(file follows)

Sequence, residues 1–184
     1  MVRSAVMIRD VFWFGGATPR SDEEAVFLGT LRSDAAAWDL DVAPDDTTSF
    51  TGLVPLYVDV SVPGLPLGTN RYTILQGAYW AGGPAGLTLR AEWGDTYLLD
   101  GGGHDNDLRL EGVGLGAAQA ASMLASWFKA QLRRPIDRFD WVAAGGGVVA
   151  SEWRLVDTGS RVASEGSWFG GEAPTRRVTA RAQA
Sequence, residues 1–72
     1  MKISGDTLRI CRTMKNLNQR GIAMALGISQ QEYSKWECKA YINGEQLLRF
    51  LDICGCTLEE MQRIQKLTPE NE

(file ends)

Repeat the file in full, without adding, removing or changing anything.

Sequence, residues 1–184
     1  MVRSAVMIRD VFWFGGATPR SDEEAVFLGT LRSDAAAWDL DVAPDDTTSF
    51  TGLVPLYVDV SVPGLPLGTN RYTILQGAYW AGGPAGLTLR AEWGDTYLLD
   101  GGGHDNDLRL EGVGLGAAQA ASMLASWFKA QLRRPIDRFD WVAAGGGVVA
   151  SEWRLVDTGS RVASEGSWFG GEAPTRRVTA RAQA
Sequence, residues 1–72
     1  MKISGDTLRI CRTMKNLNQR GIAMALGISQ QEYSKWECKA YINGEQLLRF
    51  LDICGCTLEE MQRIQKLTPE NE